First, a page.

They say you have to cross your limits to find them. And lemme tell ya, I thought I crossed mine halfway through Wyoming.
But when when we saw the peaks off in the distance, we sat up straight in our seats and even began speaking to each other again. (What is it about heat that makes conversation unbearable?)
At first, we thought maybe we were hallucinating. You know, like Frank getting off Hidalgo and seeing the mirage of his ancestors to give him the strength to finish the race. But as we drew closer we realized they weren't clouds - it was peaks covered in snow.
Snow! In this heat! It was like drinking cold lemonade.
Those peaks got us through our final stretch.
We ended up traveling through the Wind River Reservation, which is a spiritual experience in itself. No one was outside (we were the only people dumb enough to be on the asphalt in that weather). But knowing that we were traveling through land and by peoples that survived colonization... is sacred and heartbreaking.
The website says that, "The 1.7+ million-acre Reservation is home to the Eastern Shoshone and Northern Arapaho tribes and was established in 1864 through the Bridger-Teton Treaty with the U.S. government."
Driving through the middle of the Reservation without taking the time to explore, to learn the history, and to meet the people will end up being one of my biggest regrets of this trip. As we drove we had no phone service so I couldn't do any research and I wish I had taken the time beforehand. But I know I will definitely be back to experience a powwow.
And even if you can't experience a Reservation, it is important to know that although they have survived colonization, they are constantly kept from thriving. One example is through the mismanagement of water sources on Reservations. "During the past decade, tribal water systems averaged about 60 percent more water-quality violations compared with nontribal water systems, according to Environmental Protection Agency data." Rivers where the tribes hunt, fish, drink, swim, and perform ceremonies are being taken and polluted. Click here to read more.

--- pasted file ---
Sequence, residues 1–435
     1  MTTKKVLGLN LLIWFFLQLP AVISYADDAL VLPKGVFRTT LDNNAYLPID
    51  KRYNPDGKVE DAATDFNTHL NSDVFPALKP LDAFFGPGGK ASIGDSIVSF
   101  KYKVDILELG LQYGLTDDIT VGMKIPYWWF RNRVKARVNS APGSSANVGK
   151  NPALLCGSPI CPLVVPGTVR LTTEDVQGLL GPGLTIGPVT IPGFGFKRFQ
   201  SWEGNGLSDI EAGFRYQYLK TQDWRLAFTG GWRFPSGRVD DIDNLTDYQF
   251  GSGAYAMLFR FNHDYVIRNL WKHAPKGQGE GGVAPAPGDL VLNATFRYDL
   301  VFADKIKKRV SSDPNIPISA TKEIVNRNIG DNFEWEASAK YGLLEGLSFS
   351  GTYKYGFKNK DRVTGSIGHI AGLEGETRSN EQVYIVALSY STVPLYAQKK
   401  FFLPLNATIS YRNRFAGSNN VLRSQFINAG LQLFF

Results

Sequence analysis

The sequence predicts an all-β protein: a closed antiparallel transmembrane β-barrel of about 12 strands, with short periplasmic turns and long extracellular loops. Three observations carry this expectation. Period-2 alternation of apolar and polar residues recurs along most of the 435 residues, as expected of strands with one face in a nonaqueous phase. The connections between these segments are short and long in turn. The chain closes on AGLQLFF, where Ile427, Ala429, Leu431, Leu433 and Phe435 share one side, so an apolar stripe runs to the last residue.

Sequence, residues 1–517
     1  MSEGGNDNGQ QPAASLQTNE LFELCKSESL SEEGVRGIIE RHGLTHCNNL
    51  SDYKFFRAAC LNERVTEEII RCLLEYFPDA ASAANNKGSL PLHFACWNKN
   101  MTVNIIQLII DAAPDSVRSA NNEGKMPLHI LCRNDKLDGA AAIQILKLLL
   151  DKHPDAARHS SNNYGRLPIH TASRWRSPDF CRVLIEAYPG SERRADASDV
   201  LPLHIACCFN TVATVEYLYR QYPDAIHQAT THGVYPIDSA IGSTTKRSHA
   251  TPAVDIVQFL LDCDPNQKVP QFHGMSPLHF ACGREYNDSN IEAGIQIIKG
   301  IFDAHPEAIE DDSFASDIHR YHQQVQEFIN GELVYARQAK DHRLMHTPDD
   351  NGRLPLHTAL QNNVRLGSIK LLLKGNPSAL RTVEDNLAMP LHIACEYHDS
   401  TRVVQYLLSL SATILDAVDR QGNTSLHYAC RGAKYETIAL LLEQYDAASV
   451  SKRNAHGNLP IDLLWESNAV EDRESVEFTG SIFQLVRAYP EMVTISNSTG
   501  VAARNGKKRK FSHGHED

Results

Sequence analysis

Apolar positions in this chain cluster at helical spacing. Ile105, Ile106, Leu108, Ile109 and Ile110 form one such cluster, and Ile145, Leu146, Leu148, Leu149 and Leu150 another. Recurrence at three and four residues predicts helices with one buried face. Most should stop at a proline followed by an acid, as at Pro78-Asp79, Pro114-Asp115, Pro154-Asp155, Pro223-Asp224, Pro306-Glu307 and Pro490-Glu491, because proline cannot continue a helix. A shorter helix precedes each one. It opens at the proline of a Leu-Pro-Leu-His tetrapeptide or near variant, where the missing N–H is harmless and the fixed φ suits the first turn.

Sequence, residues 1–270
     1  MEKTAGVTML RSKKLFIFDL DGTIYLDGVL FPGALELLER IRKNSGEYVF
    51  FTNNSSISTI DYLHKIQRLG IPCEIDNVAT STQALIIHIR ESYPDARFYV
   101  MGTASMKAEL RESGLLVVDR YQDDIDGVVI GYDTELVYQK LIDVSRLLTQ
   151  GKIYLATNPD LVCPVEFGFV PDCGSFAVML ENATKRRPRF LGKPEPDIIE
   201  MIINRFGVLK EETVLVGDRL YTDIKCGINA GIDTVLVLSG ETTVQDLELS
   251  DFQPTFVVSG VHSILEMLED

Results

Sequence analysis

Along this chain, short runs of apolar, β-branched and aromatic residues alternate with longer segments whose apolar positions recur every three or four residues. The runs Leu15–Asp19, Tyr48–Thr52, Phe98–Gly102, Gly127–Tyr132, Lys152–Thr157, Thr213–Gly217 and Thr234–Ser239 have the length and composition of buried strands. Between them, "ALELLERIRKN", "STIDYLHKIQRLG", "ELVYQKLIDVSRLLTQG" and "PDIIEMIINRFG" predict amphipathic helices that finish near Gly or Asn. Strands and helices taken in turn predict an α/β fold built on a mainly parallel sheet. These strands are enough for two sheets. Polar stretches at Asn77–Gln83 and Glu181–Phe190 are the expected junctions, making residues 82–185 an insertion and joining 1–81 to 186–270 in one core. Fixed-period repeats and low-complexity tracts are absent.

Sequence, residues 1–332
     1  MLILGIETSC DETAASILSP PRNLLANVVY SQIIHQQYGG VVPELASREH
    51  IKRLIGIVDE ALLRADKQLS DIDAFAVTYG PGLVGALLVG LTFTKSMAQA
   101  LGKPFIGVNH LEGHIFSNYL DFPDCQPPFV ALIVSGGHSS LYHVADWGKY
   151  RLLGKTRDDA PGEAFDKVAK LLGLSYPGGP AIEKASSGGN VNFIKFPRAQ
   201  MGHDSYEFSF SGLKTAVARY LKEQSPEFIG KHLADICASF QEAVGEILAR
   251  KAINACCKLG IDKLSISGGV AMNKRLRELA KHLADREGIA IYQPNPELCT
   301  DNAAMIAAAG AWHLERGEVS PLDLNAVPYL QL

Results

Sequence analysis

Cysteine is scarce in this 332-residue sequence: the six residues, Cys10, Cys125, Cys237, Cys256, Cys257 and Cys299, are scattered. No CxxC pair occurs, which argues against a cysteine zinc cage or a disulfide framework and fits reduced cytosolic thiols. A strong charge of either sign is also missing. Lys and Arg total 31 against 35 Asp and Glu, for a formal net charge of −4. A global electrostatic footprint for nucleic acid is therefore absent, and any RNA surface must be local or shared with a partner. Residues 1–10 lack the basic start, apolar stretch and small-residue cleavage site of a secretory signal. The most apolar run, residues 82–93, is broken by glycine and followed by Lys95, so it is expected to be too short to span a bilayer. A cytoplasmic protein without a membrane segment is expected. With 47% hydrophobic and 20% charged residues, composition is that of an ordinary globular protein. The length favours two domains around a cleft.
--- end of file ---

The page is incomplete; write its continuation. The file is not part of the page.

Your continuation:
Finally, we reached the National Forests of western Wyoming.
After a long climb up, we put the windows down and breathed in the thin air that traveled across the snow to reach us. We thought about getting out to touch it - snow in June just doesn't seem real - but we decided to keep going instead. If it wasn't real, we didn't want to know.
After trying out a few campgrounds, we ended up turning onto yet another long, windy dirt road down to a meadow. It was magical when we got into the thick trees - would we see a bear??? Then we hit a pothole so hard that our wheel started squeaking and wildlife spotting became a distant thought.
We shared a knowing glance. We were a long way from cell service, and who knows how far from any mechanic. And, it was only day 6 of our trip! How could we already be running into car trouble.
After nursing the car down the rest of the road and through a horse ranch, we finally made it to our destination.
We squeakily announced our entrance into gorgeous, SHADED, campground nestled into the corner of the valley. There was a spot tucked beneath the pines that we claimed, and made neighbors to the cowboy campers with their horses, mules, chaps and herding dogs. Oh, and it was super close to the bathroom. Of course.
It was a relief to finally be out of the car and cooled off. But with the relief came exhaustion and worry.
So. What are we going to do?
We had planned on staying the weekend and doing some exploring in the area before we moved on to Idaho, but now those plans were uncertain.
We threw ideas back and forth. Do we leave? Do we hold off? Where is there a mechanic? The tense conversation was nearly pointless as we had no way of researching any information without service.